Not long ago, Brian Barnhart received heavy criticism for some decisions as INDYCAR’s top umpire. Now, as he departs after more than 20 years, he’s receiving something he rarely hears.
Barnhart announced Wednesday that he will leave his position at INDYCAR to become president of Harding Racing, the upstart team owned by Mike Harding that competed in three Verizon IndyCar Series races this year with driver Gabby Chaves. The news was met with compliments for Barnhart, who started his career as a race team mechanic and worked his way to one of the most influential positions in the sport.
“Maybe the upside is what it says about INDYCAR racing and Mike Harding’s commitment to it,” said Mike Hull, managing director of Chip Ganassi Racing. “It’s a positive statement for what Mike Harding wants to do. He found someone with enormous experience, which is hard to do when you’re starting a race team. I think that’s a great statement. It’s a massive loss for INDYCAR racing, but it’s a massive gain for Mike Harding’s racing program and for Gabby Chaves.”
Harding, owner and CEO of Harding Group, a concrete and paving business in Indianapolis, hired Chaves to drive the team’s No. 88 Chevrolet for three oval races in 2017. The move also reunites Barnhart with Al Unser Jr., who won two Indianapolis 500s with Barnhart on his crew. Unser is driver coach and an executive consultant for the team.
“I’m very excited about getting back on the team side and competitive side of things again,” Barnhart said in announcing his move. “It’s certainly one of the components that factored in heavily in making the decision.”
After the news broke, praise poured in for Barnhart, including the people he once worked for and those he’s about to compete against.
“I really enjoyed working with Brian,” four-time Indianapolis 500 winner and team owner A.J. Foyt said in a statement. “I have a lot of respect for him. He used to work for me when I was still driving, so I’ve known him a long time. I think he’ll do a great job wherever he goes.”
Foyt’s driver, veteran Tony Kanaan, said Barnhart’s departure is a loss for INDYCAR for many reasons, but mostly because it removes his experience from a key leadership position.
“I’m pretty good friends with him,” Kanaan said. “I think it’s a big loss to INDYCAR. He knows everything. He’s been through it all. Those kind of people are really hard to replace. I’m not saying they can’t find somebody as good to replace him, but it’s going to take a little bit for the guy who replaces him to get going. Everybody needs a change and he’s still going to be around, which is great.”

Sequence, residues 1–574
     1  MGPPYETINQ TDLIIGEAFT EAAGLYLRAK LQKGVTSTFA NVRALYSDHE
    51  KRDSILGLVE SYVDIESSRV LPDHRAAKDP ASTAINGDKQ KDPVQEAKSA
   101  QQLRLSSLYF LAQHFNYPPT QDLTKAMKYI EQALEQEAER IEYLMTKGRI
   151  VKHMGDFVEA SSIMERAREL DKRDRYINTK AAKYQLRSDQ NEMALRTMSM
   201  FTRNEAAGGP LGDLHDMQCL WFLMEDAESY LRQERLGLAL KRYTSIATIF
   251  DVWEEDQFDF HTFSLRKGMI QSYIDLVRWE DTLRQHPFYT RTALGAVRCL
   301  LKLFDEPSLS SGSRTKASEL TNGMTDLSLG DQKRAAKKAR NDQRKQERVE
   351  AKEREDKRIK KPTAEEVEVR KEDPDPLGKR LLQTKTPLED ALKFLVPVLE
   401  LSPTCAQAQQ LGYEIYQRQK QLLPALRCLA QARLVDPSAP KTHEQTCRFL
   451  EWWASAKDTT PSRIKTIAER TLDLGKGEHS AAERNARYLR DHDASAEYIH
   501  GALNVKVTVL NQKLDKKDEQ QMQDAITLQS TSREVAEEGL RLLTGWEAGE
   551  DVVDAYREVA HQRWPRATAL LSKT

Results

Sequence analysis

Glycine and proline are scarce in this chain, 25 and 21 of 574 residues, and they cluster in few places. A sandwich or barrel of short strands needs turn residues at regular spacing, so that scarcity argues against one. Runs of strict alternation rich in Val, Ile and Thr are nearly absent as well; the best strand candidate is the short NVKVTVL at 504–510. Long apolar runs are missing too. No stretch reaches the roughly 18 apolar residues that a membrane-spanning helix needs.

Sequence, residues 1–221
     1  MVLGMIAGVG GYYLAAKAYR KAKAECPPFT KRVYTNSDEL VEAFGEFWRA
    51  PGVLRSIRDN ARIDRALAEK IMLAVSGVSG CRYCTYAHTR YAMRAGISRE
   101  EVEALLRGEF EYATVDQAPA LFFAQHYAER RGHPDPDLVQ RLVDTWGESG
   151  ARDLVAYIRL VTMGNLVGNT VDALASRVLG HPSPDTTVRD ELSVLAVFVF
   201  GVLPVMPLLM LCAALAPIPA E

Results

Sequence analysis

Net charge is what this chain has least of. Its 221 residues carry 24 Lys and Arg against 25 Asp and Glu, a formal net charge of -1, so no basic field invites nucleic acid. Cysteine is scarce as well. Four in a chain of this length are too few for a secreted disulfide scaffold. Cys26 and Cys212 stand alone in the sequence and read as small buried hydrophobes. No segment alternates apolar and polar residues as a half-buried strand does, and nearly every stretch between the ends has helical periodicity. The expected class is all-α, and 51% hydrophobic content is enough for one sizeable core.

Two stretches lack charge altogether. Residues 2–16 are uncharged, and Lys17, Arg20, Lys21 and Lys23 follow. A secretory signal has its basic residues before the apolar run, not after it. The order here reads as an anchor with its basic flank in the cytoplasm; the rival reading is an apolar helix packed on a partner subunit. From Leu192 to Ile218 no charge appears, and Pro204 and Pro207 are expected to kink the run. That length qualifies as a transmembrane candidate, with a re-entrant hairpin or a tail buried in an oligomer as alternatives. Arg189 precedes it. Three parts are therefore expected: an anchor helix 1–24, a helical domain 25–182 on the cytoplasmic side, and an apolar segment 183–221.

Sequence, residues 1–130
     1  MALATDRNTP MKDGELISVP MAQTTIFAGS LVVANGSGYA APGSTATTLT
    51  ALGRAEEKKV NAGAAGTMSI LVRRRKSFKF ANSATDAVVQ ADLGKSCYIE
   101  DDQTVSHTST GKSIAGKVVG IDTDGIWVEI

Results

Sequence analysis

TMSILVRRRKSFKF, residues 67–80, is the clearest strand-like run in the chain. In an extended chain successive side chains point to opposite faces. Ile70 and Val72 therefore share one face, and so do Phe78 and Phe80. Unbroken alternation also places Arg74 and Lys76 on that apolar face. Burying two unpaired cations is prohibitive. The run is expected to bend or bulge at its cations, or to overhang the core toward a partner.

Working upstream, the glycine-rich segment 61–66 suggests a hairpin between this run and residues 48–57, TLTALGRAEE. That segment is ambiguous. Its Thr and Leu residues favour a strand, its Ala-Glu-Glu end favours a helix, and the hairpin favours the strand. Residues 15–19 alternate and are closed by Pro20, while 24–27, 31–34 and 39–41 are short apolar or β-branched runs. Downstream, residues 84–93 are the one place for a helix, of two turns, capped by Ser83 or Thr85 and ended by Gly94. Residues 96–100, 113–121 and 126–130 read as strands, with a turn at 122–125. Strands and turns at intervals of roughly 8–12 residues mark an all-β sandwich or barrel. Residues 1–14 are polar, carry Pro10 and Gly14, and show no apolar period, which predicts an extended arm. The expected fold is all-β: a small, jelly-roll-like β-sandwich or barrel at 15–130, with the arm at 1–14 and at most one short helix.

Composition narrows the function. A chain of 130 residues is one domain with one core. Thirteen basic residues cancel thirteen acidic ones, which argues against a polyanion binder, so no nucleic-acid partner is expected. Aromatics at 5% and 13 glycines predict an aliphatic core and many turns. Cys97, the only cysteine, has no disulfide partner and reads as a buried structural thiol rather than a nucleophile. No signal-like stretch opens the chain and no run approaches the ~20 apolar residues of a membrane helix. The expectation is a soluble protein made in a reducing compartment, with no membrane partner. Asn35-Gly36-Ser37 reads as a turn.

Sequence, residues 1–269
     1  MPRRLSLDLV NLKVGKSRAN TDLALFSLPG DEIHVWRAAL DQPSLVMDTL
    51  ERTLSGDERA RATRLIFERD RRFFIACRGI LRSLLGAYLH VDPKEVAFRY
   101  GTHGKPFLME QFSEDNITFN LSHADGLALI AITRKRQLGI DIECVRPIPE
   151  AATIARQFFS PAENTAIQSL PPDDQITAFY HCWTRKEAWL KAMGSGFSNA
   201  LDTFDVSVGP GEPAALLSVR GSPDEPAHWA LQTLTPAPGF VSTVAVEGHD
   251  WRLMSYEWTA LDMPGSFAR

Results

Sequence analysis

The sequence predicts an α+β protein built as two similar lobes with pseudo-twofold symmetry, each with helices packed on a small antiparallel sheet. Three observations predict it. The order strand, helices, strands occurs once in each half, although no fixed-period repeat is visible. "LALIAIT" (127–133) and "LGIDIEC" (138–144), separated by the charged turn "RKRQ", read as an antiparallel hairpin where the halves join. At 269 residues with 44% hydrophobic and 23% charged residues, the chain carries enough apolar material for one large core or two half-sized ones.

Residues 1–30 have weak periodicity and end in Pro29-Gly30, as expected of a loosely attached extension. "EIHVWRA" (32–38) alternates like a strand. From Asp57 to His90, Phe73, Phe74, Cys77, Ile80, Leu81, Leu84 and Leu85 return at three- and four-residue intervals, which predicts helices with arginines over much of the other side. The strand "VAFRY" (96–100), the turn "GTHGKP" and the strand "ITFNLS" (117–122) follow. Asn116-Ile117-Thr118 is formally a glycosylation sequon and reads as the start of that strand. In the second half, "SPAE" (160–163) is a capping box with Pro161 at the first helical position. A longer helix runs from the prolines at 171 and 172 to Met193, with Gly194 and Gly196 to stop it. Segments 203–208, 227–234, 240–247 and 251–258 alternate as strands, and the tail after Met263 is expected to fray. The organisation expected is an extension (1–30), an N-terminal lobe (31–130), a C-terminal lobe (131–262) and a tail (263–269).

Barnhart’s extensive resume includes the Indy 500 victories with Unser Jr. – one with Galles Racing, another with Team Penske. He moved from there to an executive position with what is now called INDYCAR – the sanctioning body for the Verizon IndyCar Series and the Mazda Road to Indy development ladder – where he held various leadership titles, most recently as vice president of competition, race director.
Through the years, Barnhart was sometimes criticized and mocked for calls made in race control. Most notable was a decision to restart a race at New Hampshire Motor Speedway in 2011 that led to Will Power’s memorable gesture on live television after Power spun and crashed.
The anger over the incident has long since disappeared, but the image of Power directing twin middle fingers toward the control booth atop the grandstand became a social media meme. Power’s brother, comedian Damien Power, did a faux interview with Barnhart in 2015 while wearing a T-shirt bearing the image of his brother’s gesture, to which Barnhart playfully deadpanned, “I’ve seen that before.” (Watch the video interview below.)
The praise for Barnhart by teams and drivers Wednesday after years of criticism wasn’t lost on social media. “It's ironic to see many of the same people who never missed a chance to bash Brian Barnhart are now singing his praises,” wrote Don Mitchell, a media planning and buying consultant.
Inside the series and its Indianapolis headquarters, Barnhart is highly respected.
“My personal relationship with Brian goes back a long, long way, and it’s always been one that I would consider to be about mutual, professional respect,” Hull said. “He’s full of integrity. He’s always represented himself well. His brand is to represent himself with professional integrity, and I think he’s always done a good job of that.
“When you’re starting a race team from the ground up, you need mentoring for it to be successful. That’s what Mike Harding and Gabby Chaves have found in Brian Barnhart.”